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Savvy Travelers Cost Chase $330 Million – What Will This Mean For the Future?

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Written by Charlie

Recently, Chase revealed that savvy travelers had taken a $330 million chunk out of their earnings – thanks to customer redemptions with rewards. What costs Chase the most with points and what does all of this mean for the future?

Last week, it was revealed that Chase had a $330 million charge as a result of stronger-than-anticipated redemptions. This was something that Chase probably didn’t foresee when they first developed the awesome Chase Sapphire Reserve (that card had more applicants than Chase imagined as well).

Dustin wrote a post about this this morning as well – we both had worked on them independent of each other and without knowing the other was doing it! I thought about skipping mine but I thought it was interesting in how we shared similar thoughts so I let both posts go out as scheduled. Thanks for reading!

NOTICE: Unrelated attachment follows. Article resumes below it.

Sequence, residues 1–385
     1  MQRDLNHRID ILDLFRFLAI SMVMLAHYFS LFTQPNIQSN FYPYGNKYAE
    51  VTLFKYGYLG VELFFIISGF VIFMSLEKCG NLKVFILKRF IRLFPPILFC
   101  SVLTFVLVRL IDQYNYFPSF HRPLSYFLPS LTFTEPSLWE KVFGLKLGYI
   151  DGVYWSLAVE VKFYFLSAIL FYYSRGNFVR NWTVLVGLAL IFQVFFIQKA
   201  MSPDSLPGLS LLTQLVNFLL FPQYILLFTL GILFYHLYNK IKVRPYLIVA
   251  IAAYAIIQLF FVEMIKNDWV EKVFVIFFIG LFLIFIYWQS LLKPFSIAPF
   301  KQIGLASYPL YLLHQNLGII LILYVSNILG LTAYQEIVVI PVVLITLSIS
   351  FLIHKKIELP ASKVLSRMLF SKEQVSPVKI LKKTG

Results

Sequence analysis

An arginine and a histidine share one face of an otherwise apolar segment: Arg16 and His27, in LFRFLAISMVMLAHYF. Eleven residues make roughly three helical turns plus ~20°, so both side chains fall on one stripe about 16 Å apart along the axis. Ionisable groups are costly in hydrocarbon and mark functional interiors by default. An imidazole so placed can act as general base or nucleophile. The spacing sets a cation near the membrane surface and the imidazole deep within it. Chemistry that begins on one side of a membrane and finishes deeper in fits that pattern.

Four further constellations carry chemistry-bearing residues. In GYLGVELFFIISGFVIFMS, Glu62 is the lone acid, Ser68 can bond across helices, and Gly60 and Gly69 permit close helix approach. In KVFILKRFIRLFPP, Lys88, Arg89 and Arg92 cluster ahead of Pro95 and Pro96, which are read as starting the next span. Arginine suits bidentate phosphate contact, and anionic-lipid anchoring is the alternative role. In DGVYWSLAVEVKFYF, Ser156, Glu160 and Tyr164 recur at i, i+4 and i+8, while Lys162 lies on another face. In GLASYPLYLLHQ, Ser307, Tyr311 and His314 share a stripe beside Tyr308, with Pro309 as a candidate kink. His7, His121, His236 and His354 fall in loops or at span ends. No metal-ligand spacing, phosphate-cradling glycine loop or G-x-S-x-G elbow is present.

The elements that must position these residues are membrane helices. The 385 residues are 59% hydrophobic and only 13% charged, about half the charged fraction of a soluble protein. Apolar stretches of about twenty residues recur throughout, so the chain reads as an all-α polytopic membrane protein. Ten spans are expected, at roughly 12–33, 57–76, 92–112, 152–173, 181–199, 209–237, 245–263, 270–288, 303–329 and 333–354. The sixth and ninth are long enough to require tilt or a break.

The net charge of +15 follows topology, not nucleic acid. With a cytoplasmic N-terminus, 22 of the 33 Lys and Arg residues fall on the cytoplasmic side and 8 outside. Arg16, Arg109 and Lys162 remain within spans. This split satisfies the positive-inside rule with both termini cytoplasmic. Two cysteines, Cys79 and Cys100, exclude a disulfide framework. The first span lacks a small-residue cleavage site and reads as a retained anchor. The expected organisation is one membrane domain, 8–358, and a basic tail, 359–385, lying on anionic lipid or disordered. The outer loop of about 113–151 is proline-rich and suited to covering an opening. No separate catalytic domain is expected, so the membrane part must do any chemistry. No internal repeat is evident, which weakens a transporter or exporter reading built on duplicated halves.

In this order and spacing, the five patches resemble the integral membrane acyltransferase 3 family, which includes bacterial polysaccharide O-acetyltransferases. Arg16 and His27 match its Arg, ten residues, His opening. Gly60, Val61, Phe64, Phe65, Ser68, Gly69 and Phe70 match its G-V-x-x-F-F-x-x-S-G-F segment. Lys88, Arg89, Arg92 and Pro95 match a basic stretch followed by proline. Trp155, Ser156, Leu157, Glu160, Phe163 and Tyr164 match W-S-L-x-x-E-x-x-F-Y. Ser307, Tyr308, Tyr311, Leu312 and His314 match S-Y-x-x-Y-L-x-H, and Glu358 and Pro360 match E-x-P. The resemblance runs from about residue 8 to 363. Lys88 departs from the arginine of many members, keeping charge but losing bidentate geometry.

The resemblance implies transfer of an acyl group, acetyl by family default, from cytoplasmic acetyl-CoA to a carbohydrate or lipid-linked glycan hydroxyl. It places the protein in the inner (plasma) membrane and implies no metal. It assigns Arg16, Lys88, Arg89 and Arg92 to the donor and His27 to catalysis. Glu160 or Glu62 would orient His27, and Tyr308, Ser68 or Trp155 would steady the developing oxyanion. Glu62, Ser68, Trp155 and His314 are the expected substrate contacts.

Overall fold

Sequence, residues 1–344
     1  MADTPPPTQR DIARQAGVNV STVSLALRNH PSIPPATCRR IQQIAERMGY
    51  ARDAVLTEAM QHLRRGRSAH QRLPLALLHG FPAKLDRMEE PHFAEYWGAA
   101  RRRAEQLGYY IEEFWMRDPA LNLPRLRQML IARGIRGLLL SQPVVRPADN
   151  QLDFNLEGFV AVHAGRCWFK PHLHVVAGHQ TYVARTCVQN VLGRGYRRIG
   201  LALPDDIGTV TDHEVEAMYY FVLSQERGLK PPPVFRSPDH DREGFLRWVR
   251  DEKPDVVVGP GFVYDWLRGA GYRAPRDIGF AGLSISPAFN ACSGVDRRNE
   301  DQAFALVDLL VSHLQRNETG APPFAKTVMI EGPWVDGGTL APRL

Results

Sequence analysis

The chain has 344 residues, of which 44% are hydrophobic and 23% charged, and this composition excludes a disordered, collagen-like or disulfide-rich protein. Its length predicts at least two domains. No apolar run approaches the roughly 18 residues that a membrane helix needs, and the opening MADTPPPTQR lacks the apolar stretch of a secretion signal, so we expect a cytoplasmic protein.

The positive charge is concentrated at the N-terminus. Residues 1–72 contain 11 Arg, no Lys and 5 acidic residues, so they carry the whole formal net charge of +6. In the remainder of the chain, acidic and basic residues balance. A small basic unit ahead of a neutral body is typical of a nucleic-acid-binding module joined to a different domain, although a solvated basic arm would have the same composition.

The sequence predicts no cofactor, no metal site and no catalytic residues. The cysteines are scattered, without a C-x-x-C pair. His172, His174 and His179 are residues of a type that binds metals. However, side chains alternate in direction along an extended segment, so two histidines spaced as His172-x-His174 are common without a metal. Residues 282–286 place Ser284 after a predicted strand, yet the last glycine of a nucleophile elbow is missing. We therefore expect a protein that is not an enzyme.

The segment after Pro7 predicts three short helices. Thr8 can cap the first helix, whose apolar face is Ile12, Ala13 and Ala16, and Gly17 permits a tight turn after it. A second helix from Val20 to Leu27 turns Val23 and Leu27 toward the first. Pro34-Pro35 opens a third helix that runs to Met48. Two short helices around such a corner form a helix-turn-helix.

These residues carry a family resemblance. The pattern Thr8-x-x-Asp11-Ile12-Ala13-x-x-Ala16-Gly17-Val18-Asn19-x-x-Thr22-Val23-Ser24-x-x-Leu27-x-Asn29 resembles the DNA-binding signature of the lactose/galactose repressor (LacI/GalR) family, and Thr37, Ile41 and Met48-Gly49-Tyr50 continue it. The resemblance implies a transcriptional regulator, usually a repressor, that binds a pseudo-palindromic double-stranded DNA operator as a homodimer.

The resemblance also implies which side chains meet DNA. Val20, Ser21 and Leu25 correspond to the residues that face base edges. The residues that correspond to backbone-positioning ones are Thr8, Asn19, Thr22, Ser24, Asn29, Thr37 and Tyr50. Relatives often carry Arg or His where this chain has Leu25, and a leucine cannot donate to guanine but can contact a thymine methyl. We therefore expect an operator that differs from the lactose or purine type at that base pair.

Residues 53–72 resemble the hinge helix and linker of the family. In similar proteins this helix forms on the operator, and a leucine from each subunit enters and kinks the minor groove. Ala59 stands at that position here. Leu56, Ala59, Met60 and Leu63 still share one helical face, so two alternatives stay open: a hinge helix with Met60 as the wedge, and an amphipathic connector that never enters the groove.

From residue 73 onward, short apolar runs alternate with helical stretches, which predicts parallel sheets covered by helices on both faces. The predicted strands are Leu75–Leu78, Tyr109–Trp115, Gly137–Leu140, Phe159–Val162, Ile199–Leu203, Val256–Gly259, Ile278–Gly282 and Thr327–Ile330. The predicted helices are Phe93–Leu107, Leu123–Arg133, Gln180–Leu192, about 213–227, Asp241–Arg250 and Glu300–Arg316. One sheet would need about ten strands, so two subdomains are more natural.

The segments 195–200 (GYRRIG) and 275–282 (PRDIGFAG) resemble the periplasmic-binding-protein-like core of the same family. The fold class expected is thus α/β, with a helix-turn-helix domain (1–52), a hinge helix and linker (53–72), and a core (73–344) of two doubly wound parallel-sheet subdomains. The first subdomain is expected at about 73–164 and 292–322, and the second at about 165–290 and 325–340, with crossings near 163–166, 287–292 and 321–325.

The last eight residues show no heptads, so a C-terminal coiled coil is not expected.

Savvy Travelers Cost Chase $330 Million – What Will This Mean For the Future?

This huge hit to Chase is part of a couple of things with their lineup – customers are utilizing the cards for the right categories to get bonuses and then spending those points at a quicker rate than had been imagined.

Here is a bit from the CNBC article:

“There’s a subset of savvy credit-card users who are diligent about maximizing their usage to capture the biggest benefit they can,” McBride said.

These consumers, he said, only use the cards in categories that pay the richest points. For instance, they would whip out a Sapphire card for dining and travel but switch to Chase’s Freedom card to pay for purchases in the rotating category that’s rewarded most, such as gas stations and drug stores.